"Just as a light from a candle can be seen more clearly in a darkened room, so can the human benefits of plants be seen more easily in communities lacking in economic and social opportunity." —Charles Lewis
Washington, D.C. neighborhoods range from those having virtually no economic structures to those having more money than they know what to do with. No matter where I am in the city, however, I almost always see green. Whether it’s a single potted geranium on a porch, a shade-giving tulip tree, or a 15-plot community garden ready for harvest, the feeling that green spaces give to a run-down neighborhood is hope.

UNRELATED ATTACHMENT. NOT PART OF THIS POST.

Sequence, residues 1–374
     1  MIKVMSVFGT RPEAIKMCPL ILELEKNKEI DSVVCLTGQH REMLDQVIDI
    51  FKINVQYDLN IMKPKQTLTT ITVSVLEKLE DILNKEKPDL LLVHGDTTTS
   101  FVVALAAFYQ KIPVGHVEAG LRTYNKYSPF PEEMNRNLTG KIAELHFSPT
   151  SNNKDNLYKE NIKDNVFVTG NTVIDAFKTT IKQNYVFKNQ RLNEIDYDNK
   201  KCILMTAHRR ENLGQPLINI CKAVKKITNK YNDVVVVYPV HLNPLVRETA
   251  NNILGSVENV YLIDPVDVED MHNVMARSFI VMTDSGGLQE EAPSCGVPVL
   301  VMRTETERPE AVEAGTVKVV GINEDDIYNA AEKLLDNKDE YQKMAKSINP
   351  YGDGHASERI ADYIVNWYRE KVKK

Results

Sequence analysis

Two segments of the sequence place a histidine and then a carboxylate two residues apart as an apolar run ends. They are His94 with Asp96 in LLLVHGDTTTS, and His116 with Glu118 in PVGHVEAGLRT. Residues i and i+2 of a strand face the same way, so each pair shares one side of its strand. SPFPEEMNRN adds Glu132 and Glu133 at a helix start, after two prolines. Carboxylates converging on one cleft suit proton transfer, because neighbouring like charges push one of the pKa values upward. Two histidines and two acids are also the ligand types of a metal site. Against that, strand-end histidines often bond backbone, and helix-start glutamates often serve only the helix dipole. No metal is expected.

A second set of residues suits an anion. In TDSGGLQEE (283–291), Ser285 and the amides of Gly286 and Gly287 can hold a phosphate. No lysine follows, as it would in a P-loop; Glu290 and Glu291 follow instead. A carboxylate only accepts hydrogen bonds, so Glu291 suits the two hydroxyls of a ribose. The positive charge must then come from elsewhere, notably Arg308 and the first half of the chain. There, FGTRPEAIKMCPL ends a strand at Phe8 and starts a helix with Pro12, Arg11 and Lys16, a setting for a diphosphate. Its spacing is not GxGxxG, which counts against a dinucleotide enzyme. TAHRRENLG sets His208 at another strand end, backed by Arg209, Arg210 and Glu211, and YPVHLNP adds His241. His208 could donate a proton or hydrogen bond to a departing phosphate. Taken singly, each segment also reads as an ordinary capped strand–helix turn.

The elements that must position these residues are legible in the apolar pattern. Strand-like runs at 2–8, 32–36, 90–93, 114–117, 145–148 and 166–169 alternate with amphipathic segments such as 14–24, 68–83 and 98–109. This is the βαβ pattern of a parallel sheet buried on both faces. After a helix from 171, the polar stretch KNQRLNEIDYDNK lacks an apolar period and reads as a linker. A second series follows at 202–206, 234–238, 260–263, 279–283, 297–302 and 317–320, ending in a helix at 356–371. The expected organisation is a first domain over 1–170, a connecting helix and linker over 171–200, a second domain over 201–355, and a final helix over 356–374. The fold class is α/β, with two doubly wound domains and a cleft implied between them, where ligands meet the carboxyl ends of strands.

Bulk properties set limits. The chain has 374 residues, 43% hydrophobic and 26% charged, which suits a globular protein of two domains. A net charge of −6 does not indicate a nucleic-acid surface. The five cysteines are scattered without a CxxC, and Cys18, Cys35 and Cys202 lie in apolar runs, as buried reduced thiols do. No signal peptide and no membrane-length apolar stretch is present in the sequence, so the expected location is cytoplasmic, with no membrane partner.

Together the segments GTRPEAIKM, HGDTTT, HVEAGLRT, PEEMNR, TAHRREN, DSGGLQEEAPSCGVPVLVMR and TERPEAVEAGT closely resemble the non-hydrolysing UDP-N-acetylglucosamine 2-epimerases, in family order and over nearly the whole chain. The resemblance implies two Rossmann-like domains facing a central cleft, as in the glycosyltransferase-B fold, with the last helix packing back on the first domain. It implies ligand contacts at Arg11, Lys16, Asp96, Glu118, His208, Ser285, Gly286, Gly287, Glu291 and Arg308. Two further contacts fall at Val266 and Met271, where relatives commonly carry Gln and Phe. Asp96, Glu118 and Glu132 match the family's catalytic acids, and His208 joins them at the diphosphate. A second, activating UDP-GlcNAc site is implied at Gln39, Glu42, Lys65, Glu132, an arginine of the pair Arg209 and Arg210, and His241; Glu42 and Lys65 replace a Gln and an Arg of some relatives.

An organization that facilitates some of that hope is Garden Resources of Washington, or GROW. Director Judy Tiger and her staff of Americorps volunteers are the movers and shakers of organic community gardening in the neighborhoods of D.C. Their mission is to help people help themselves by providing opportunities for individuals and communities to produce food, beautify neighborhoods, and to become environmental stewards through community green spaces and gardens. Together they are vision shapers, organizers, and educators for newly starting gardens, as well as friends to already existing community gardens. GROW provides services ranging from conversations about garden start-up to years of support, including such tasks as finding landowners and getting permission for land use. Their help is often even more down-to-earth—their large white truck is stocked with tools, hoses, seeds, and mulch.